You should see a banded surface that is twisted like a Mobius strip. This is chaotic attractor. To see it is chaotic, click on (Xi vs T) to plot Z as a function of t. Click on (I) (N) and put the following initial conditions in:

Freeze this curve with some nonzero color. Now, click (I) (N) again and use the following initial data: Window the graph so that the x-axis goes from 100 to 150 and the y-axis goes from -1.5 to 3.5. Note thjat the curves are quite different; small bumps and large bumps are switched and so on. This shows sensitive dependence on initial conditions the hallmark of a chaotic system. We changed the fourth decimal place of an initial condition and the trajectory changed completely after some time. What this says is that the trajectories diverge exponentially in time. The rate of this divergence is called the maximal Liapunov exponent. Stable fixed points have a negative maximal Liapunov exponent, stable perioidic orbits have a zero maximal Lyapunov exponent and chaotic orbits have a positive maximal Lyapunov exponent.

Computing the Poincare map

Often in chaotic systems, a great deal can be learned by computing a Poincare section. We will compute the section through X=0 as it is clear that at every cycle, X passes through zero. (To see this plot X vs t .) We will need to compute for a longer period of time. With this knowledge, you should close the continuous ODE file and fire up the discrete map approximation.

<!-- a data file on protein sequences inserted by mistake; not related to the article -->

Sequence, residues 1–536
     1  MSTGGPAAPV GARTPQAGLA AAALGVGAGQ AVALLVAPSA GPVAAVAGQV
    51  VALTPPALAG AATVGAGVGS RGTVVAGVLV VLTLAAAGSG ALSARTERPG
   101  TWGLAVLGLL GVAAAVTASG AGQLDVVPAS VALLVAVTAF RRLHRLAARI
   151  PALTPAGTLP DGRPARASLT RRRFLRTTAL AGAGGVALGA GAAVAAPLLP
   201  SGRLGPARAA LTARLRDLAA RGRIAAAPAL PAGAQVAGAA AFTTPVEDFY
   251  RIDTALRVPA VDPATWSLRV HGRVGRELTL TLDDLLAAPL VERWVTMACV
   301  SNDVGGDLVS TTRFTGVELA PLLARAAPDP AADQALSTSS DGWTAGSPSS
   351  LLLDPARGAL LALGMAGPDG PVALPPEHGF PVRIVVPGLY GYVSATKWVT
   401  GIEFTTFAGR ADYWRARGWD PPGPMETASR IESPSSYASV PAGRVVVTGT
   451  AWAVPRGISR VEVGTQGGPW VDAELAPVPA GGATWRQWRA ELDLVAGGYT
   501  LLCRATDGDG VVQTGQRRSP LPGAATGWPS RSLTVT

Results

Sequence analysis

The quadratic approximation map, unstable periodic points, and Liapunov exponents

If you haven't already, fire up the quadratic approximation to the Poincare map of the dynamical system. Click on (nUmerics) and change Total to 2000 and Method to (Discrete). (Escape) to the main menu and edit the curve so that the Linetype is 0 and we plot dots. Change the view to plot Z on both axes as we will be using the Ruelle plots to look at things. Integrate the equations by clicking (I) (G). Click (W) (F) to fit the window to the data. You will see a diagonal line. Then use the (G) (F) (F) to freeze this diagonal. You can keep all the defaults and just click on (Ok).

Now we will look for periodic points of different periods. A point is k- periodic if Z(n)=Z(n-k) and Z(n) != Z(n-l) if l < k thus, we need to shift the x-axis by different amounts and look at the intersections with the diagonal line.

The existence of many unstable periodic points is often a hallmark of chaotic behavior. As we mentioned previously, another hallmark of chaos is sensitivity to initial conditions. For a one-dimensional map, this is easy to quantify. We need to compute the maximal Liapunov exponent:

where f'(xn) is the derivative of the map evaluated at the nth iterate.

Since the log of the product is the sum of the logs we can write this as the limit of an iteration. Close the above XPP file and fire up the XPP file for computing this. The source for this is worth looking at to see how I did it. Basically, I compute the iterate and then divide by the number of iterates (kept in the t variable as an auxiliary variable lexp.

Click on (View axes) (2d) and set the Y-axis to be lexp . Set the dimensions so that the Y-axis runs between -1 and 1 and the X-axis runs between 0 and 2000. Click (Ok) and then go into the (nUmerics) menu, set Total= 2000, Bounds=1000, and Method= (D)iscrete. (Esc) back to the main window and click (I) (G) to integrate the equations. You should see a curve that rises and then flattens out at about .332. This is the Lyapunov exponent and since it is positive, there is good evidence that the system is chaotic.

Homework 5.1